Last week I was pondering Russ Brandon calling a press conference, grabbing a microphone and admitting to fans how far his franchise had sunk. When I wasn't doing that I was dreaming about the Bills bucking conventional NFL wisdom and luring a coach that thinks, like I do, that there are advantages to be gained through statistics against a league resistant to change.
Then the calendar changed Tuesday to 2013 and this was actually happening.
Tuesday was a momentous day for Brandon, and for the Bills. No matter where Brandon's leadership takes the team, the Bills no longer have the impediments provided by their owner to have to duck and dodge. And that's good. I simply could not imagine a quality coach sitting with 94-year-old Ralph Wilson and signing up. Wilson's decision to step down is important and historic.
To his credit, Brandon was frank and almost brutal in his appraisal of the franchise's image. His line that "The brand has been tarnished," is exactly how I put once last week. He's right, and it's important that the leader of the Bills recognizes this.
Further, Brandon mentioned "analytics" as a key component of the Bills' tardy but welcomed emergence into 21st-century football. 'Bout time. I've imagined the Bills paying less attention to the wave of new information swelling over football than wondering whatever happened to their Columbia House membership. The drumbeat to this sport no longer plays on cassette tapes.
Only time will tell how open to new ideas Brandon and the Bills really are.
Analytics encompasses many things. It helps you in evaluating your players, your opponents' players, and college players. It enables you to put your coach's gameday decisions to cold, hard scrutiny -- unfettered by emotions and allegiances.
In short, it helps you get things right.
There are hundreds of coaches the Bills could consider for their current vacancy. Contrary to the common thinking that experience is not only helpful but necessary, I would stay away from anyone that's ever been an NFL head coach before. No coach in this league, past or present, has ever distinguished himself as willing to fully embrace and utilize the sport's new math.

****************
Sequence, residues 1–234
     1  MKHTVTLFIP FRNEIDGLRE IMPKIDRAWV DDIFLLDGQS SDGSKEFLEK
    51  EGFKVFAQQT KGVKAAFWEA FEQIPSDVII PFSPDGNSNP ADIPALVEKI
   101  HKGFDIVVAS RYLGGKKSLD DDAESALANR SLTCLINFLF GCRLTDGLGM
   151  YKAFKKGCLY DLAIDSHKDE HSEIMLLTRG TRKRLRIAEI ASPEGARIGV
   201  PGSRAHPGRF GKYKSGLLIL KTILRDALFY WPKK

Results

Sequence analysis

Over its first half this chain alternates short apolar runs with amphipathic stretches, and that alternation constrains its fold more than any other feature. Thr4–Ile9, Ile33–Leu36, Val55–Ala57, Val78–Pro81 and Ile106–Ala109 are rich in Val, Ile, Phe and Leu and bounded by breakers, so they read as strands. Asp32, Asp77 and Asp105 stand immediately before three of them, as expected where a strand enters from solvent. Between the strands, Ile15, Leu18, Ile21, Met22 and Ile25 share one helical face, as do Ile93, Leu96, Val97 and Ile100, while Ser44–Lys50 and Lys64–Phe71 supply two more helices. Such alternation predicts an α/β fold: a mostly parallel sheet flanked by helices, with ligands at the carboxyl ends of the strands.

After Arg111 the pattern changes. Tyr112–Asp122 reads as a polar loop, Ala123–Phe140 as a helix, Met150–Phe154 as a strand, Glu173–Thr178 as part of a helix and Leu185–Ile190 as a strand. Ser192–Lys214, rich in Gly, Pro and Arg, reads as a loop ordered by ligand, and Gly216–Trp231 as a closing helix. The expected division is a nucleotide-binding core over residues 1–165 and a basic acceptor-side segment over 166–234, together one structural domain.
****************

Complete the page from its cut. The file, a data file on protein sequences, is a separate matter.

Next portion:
The current crop of coaches consists of two groups that fans are fond of: coaches that were fired just recently despite having a passable record (Andy Reid, Lovie Smith, Ken Whisenhunt), and coaches with championships in their pasts (Jon Gruden, Brian Billick, Bill Cowher). I don't want any of them. Each guy in the first group repeatedly demonstrated an indifference to the kind of information -- fourth-down probabilities, mainly -- that would have helped them in the jobs they just lost. As for the second group, I think the game is flying into a new era and I don't trust any of them to abandon the thinking that won them a ring and adapt.
I don't think the Bills have the cachet for Chip Kelly, the Oregon coach. Brandon's defensive protestations that the Bills will pursue any avenue, that there are no limitations, will still not be enough for them to persuade Kelly, in my opinion. You have to show it, not just say it. Cleveland is a better destination for Kelly. The Browns are open to new ideas to and they didn't keep their Buddy Nix.
For the Bills I like the idea of the Syracuse coach, Doug Marrone. While he doesn't appear to be a leader in analytics, I'd consider him as someone who'd be willing to employ them. Someone not frozen to the antiquated axioms of the sport's past. He also scores checkmarks in several other of my columns, and I like that he's already in the region. Ideally our next coach is, colloquially speaking, one of us. If he's interested in a big raise and a much higher profile, let's talk to him. He's done a big job turning a moribund Syracuse program into a quality team again.
Despite how limiting my attitude about this search may seem, there are surely plenty of candidates that deserve consideration. Interview them and see what happens. I think the coaches at Texas A&M, West Virginia and Baylor are worth talking to, if only for learning more about their style and vision.
Maybe these visionairies exist at the NFL level too, but if they do they're unknown to me. Perhaps they're assistants, or apprentices, stifled by a boss with no interest in changing methodologies that go back years, or decades.
Maybe, on a different level, Russ Brandon is one of them.